Only a handful of cases, almost all involving commercial properties, have dealt with what such language means for breach-of-contract claims. In those cases, courts reached decisions with differing implications, said John Doherty, a lawyer in New York with Atlanta-based Alston & Bird LLP.
Doherty, whose firm’s clients include Bank of America, said both sides in loan-repurchase fights have reason to believe they are right on whether proof of loss causation is necessary. Contracts citing “the interests of noteholders” may be better for debt sellers than those referencing the “value” of loans, he said.
Both types of language should be read as referencing whether the loans would have been worth as much at the time of the bond deal, if properly described, according to lawyers including Grais, whose clients include Federal Home Loan Banks and anonymous investors objecting to the Countrywide settlement.
In thinking about whether a misrepresentation led to a default, courts may consider the fact that without faulty data, “the loan wouldn’t have closed, or maybe would have closed but at a smaller loan amount and thus a lesser loss” said Richard Barrent, president of Urbandale, Iowa-based Barrent Group, which reviews defaulted mortgages for bondholders and insurers.
Mortgage-seller lawyers point to a case in federal court in Dayton, Ohio, involving commercial-mortgage securities, Wells Fargo & Co. and Bank of America’s LaSalle Bank unit.
In a 2009 order, the court said “the fact that an investor might have made a different decision had he or she had different information may make that information material to the investor’s decision, but it does not make the omission of that information cause a material and adverse effect on the loan.”
Doherty said “when you start to have some uniformity in court decisions on these points, you’re going to see how these things shake out.”
Bank of America shares have declined 44 percent this year through yesterday, leaving the stock 63 percent below its stated book value amid investor concern that the lender’s mortgage liabilities will continue to mount. Its shares fell 45 cents, or 6 percent, to $7.01 at 4 p.m. in New York Stock Exchange composite trading.
The cost to protect against a default by the bank soared this month as investors flocked to credit-default swaps to guard against market losses on the lenders’ debt. Five-year swaps on Bank of America climbed to as high as 370 basis points last week and traded at 330 basis points as of 3:57 p.m. today in New York, according to prices from broker Phoenix Partners Group. The contracts are up from 177.5 basis points at the end of July.
Bank of America swaps last week reached the widest-ever compared with peers including JPMorgan Chase & Co. and Citigroup Inc. The average credit swap for the six biggest U.S. banks was 190.5 basis points yesterday, according to data provider CMA.
Bank of America needs to set aside between $10.6 billion and $44.4 billion more to cover losses on soured mortgages sold to or insured by others, said Chris Gamaitoni, a Compass Point Research and Trading LLC analyst.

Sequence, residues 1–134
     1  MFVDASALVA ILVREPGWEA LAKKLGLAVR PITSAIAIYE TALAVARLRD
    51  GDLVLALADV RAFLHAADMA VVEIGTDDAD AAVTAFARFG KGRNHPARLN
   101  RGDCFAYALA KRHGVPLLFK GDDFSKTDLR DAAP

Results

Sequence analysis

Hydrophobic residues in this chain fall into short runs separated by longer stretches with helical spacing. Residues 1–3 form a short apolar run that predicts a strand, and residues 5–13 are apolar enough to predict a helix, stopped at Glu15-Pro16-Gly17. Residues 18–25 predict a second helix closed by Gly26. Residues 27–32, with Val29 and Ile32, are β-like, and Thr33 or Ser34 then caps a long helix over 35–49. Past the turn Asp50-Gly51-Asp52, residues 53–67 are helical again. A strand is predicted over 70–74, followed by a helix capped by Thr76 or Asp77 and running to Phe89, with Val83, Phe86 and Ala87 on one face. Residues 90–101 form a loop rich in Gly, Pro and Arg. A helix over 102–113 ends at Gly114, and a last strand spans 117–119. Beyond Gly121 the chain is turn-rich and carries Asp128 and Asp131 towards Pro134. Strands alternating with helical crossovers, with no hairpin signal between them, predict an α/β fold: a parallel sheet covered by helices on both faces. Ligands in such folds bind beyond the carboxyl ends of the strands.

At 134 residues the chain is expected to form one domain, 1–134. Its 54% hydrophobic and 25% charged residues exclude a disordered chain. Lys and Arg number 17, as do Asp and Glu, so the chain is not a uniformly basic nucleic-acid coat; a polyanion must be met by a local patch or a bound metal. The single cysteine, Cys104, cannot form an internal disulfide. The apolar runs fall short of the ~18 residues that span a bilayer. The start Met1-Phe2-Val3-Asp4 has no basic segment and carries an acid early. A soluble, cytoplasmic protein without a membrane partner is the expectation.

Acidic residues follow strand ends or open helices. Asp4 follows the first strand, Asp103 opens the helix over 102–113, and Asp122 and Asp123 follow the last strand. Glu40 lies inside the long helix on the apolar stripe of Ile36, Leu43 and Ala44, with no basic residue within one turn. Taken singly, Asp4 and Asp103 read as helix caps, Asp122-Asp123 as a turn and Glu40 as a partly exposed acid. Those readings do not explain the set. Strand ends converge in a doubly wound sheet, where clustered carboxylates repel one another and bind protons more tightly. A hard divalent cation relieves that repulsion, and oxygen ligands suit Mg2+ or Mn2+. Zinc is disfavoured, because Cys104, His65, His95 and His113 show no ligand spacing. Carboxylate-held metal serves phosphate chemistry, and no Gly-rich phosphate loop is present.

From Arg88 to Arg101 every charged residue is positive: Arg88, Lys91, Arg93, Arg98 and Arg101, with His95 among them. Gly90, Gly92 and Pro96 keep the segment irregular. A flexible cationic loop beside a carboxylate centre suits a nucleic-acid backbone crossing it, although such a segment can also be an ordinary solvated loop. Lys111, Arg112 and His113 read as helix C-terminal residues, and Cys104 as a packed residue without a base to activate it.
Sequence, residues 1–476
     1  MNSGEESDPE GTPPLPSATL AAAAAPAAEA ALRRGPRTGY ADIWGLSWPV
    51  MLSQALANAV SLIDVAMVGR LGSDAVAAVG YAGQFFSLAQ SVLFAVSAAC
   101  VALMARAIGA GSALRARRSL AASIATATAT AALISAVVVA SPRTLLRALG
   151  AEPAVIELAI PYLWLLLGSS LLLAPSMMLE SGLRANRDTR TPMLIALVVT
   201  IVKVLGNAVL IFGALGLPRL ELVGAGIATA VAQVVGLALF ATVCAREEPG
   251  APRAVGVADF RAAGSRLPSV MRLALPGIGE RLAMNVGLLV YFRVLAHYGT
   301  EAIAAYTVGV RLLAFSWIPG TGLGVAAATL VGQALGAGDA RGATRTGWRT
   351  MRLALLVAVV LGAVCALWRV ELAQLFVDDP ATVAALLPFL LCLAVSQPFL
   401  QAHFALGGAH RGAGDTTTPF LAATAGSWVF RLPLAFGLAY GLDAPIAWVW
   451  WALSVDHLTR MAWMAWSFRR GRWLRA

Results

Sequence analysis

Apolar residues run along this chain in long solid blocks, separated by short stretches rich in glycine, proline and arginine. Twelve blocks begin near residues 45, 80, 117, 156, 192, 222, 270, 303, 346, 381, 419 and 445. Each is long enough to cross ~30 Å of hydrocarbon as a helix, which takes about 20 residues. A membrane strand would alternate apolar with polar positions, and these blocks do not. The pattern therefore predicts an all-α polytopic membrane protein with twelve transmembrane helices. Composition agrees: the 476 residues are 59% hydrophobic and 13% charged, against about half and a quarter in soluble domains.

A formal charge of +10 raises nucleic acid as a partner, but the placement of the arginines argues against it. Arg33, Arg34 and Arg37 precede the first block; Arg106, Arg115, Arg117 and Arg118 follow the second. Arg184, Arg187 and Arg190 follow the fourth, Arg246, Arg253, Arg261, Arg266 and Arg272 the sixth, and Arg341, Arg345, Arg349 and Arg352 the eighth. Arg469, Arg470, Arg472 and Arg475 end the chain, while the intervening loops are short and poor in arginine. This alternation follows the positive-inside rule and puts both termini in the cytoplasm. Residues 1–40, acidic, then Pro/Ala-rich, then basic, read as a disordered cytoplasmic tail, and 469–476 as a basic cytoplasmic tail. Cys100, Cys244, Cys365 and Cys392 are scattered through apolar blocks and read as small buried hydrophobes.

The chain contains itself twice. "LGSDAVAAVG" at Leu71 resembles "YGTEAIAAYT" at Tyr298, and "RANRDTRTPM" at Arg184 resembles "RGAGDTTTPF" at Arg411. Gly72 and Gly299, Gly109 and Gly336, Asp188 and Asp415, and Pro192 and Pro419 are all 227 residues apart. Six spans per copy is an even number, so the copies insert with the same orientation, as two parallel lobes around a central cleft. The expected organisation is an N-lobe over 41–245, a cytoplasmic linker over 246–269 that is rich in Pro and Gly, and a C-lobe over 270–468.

MBIA’s lawyers at Quinn Emanuel Urquhart & Sullivan LLP are also arguing that insurance law should allow it to win against Bank of America on breach-of-contract and fraud claims without proving causation.
The causation issue alone may add $8 billion to $9 billion of liabilities from bond insurers, said Manal Mehta, a partner at Branch Hill Capital in San Francisco.
“That is probably as important as the statistical sampling ruling,” Mehta said. “It would take away one of Countrywide’s key defenses and significantly accelerate the timetable for litigation.”
Hard to Assess
Bank of America’s ultimate liability is difficult to assess because the matter is likely to be settled, said Jonathan Hatcher, a credit strategist at Jefferies Group Inc. who covers financial companies.
Bank of America is among lenders suing MBIA to overturn a 2009 split of the insurer that the bank said left the unit guaranteeing mortgage bonds insolvent.
“The whole thing is literally a negotiation,” Hatcher said of the multiple threads of litigation. “That makes it difficult to assess what the number would be.”
Bank of America, in its talks with 22 of the world’s largest debt investors, argued that any loan repurchase would require loss causation be proven, according to a filing in New York state court of an expert opinion by Brian Lin, a managing director at RRMS Advisors. Those negotiations led to the proposed $8.5 billion settlement.
Lin said a settlement between $8.8 billion and $11 billion would be reasonable, relying in part on an assumption that investors would be successful in getting Bank of America to repurchase only 40 percent of misrepresented loans. The investor group had argued that they thought a success rate of 50 percent to 75 percent was more reasonable, according to his opinion filing.
Lin was hired by Bank of New York Mellon Corp., the bonds’ trustee that is seeking approval for the accord, to provide the assessment, in which he said he didn’t take into consideration Bank of America’s views on causation in his calculation. He declined to comment.
If a loan was missing title insurance, it’d make no sense to say that it shouldn’t be repurchased because a borrower defaulted after losing his job, said Jonathan C. Wishnia, a lawyer at Lowenstein Sandler PC in Roseland, New Jersey, who represents investment firms and loan servicers. The foreclosure loss could be larger even if not caused by the mistake, he said.
Wishnia added that the outcome of the litigation may still depend on the details of the contracts -- and how those may be interpreted by the courts is unclear because such cases usually settle out of court.
“That’s historical model, these things didn’t get litigated that often,” he said.
The case is MBIA Insurance v. Countrywide Home Loans, 602825-08, New York State Supreme Court (New York County).